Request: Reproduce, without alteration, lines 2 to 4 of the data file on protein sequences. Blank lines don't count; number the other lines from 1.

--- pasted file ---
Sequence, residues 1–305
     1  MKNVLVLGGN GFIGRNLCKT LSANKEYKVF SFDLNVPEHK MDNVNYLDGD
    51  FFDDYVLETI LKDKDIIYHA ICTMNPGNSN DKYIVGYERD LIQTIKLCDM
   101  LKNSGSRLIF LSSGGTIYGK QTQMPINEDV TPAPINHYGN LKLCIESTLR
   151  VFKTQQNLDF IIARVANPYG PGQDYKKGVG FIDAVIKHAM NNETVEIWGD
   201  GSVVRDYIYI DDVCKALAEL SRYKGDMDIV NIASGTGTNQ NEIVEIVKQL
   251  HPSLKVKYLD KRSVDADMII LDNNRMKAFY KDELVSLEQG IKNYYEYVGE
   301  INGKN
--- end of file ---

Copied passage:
     1  MKNVLVLGGN GFIGRNLCKT LSANKEYKVF SFDLNVPEHK MDNVNYLDGD
    51  FFDDYVLETI LKDKDIIYHA ICTMNPGNSN DKYIVGYERD LIQTIKLCDM
   101  LKNSGSRLIF LSSGGTIYGK QTQMPINEDV TPAPINHYGN LKLCIESTLR